There were still way too many mistakes by San Francisco as being able to execute and staying focused seem to be reoccurring problems that coaching must address sooner rather than later. The 49er fumbled a total of three times and was penalized four times for a loss of 45-yards. The San Francisco 49ers did have a third down efficiency rating of 40% going 6-for-15 on those attempts and held Detroit to 18% going 2-for-11.
San Francisco dominated time of possession in large part due to their willingness to run the ball having the ball for 34:23 compared to Detroit for 25:37. Red zone efficiency was greatly enhanced also with the 49ers scoring while in the red zone 3-out-of-4 times for 75% efficiency.
Although the secondary of the 49ers played well the pass rush did not as many time Joey Harrington had way too much time to throw the ball. Our pass rush has suddenly fallen off the planet so to speak since the Minnesota game and needs to be more of a factor with huge games coming up against top of the line contenders in Seattle and Tampa Bay.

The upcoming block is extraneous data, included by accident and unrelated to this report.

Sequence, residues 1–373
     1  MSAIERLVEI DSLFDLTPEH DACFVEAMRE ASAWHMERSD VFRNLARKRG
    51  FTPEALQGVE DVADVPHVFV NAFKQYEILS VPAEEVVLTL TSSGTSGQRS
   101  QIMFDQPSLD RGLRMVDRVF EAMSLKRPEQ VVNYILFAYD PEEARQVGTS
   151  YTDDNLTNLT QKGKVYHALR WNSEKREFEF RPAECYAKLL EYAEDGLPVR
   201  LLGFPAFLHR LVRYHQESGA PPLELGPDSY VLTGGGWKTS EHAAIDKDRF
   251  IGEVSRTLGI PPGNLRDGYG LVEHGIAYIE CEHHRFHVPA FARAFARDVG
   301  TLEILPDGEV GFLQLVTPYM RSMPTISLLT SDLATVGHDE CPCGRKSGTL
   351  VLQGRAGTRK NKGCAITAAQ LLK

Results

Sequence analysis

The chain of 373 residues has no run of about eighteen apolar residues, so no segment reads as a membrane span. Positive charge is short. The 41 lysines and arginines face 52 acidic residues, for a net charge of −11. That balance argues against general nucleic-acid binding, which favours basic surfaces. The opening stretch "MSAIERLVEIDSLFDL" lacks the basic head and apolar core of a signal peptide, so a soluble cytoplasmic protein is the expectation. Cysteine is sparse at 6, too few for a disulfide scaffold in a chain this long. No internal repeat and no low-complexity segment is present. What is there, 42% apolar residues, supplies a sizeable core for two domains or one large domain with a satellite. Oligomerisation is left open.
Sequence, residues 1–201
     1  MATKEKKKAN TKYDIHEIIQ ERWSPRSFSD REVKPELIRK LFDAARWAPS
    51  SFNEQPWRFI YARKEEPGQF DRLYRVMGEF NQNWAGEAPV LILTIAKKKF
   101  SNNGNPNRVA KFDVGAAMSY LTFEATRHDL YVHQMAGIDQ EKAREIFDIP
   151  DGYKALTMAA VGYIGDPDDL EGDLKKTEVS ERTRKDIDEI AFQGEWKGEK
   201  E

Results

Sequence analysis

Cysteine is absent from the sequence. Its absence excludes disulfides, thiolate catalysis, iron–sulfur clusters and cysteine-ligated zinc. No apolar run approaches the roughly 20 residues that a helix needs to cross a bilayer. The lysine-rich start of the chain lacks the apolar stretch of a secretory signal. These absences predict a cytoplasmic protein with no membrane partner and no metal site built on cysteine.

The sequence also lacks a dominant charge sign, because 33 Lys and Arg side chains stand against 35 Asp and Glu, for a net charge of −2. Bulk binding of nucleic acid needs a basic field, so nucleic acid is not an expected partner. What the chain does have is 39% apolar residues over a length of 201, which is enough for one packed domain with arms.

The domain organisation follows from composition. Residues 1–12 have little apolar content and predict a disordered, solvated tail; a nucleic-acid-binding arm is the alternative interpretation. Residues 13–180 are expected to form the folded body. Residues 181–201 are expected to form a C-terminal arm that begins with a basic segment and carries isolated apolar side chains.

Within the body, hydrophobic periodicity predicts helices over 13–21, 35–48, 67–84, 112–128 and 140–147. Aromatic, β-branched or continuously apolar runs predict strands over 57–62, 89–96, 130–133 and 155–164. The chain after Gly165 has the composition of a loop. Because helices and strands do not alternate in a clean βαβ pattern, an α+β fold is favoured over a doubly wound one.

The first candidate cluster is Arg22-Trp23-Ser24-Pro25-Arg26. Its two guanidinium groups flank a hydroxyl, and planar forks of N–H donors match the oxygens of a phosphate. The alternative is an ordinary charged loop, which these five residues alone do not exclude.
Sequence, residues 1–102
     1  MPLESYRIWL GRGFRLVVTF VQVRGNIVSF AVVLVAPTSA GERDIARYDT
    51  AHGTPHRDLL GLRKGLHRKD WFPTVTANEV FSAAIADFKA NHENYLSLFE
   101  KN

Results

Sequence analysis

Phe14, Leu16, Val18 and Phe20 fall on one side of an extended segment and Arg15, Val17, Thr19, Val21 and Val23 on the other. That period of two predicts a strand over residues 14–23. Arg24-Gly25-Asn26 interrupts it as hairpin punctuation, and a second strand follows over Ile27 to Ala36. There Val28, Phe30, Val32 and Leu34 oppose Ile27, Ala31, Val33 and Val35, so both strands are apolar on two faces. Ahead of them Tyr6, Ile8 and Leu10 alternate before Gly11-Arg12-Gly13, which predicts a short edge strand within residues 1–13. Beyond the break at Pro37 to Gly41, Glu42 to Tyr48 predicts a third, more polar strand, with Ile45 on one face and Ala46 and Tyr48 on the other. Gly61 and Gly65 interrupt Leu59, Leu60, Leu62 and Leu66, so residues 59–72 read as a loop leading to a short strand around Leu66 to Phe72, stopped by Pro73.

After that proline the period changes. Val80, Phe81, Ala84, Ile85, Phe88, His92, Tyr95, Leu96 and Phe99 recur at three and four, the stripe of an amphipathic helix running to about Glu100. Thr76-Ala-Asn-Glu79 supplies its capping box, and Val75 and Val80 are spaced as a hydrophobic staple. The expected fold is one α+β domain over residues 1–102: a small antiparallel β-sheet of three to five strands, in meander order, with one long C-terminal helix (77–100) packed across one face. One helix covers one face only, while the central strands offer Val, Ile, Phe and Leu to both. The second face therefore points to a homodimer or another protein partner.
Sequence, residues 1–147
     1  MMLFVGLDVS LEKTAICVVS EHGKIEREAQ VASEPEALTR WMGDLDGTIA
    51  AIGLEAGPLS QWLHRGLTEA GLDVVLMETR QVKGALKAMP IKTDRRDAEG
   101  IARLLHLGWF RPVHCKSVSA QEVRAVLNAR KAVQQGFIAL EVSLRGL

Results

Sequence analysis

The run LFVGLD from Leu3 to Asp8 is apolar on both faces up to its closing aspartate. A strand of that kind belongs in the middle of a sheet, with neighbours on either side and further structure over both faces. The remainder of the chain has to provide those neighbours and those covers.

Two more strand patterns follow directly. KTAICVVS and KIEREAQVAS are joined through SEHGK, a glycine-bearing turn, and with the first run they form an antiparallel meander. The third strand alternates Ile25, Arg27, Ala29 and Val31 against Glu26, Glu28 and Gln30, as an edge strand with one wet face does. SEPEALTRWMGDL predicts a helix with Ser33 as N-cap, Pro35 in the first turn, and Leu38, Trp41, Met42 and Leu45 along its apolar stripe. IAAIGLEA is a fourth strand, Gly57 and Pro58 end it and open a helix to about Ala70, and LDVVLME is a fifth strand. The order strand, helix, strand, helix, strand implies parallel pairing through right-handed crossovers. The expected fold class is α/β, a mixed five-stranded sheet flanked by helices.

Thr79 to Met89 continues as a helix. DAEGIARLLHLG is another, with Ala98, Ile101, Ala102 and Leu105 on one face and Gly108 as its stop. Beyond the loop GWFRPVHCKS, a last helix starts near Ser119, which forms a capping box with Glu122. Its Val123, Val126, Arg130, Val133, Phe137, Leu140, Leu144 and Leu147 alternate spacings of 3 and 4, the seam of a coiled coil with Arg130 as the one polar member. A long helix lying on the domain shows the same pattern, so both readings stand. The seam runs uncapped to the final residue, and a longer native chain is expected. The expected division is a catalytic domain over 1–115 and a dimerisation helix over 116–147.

Newfound kicker Owen Pochman also failed for the first time with 3:54 left to play in the game on a 37-yard field goal that was affected by the swirling winds that inhabit 3-Com Park. It could have been a very important score had it not been for the San Francisco defense that held Detroit at bay the rest of the game.
First Quarter Highlights
On the first drive by Detroit, Joey Harrington throws a pass intended for Charles Rogers that is intercepted by San Francisco cornerback Ahmed Plummer that is returned for four yards. Jeff Garcia drives the 49ers from the Detroit 23-yard line down to the six yard line where he connects with Terrell Owens to make the score 7-0 San Francisco.
On San Francisco’s second drive of the quarter starting at their own 37-yard line Jeff Garcia drives the 49ers down to the Detroit 30-yard line where a fumble spoils their attempt at a touchdown. Owen Pochman is brought in for a 48-yard field goal in which he makes to make the score 10-0 49ers at the end of the quarter.
Second Quarter Highlights
With the first drive by San Francisco starting at their own 44-yard line the 49ers get some help on a defensive pass interference call and Jeff drives the 49ers down to the Detroit 14-yard line. From here Jeff connects with rookie tight end Aaron Walker for a 14-yard touchdown pass to make it 17-0 49ers.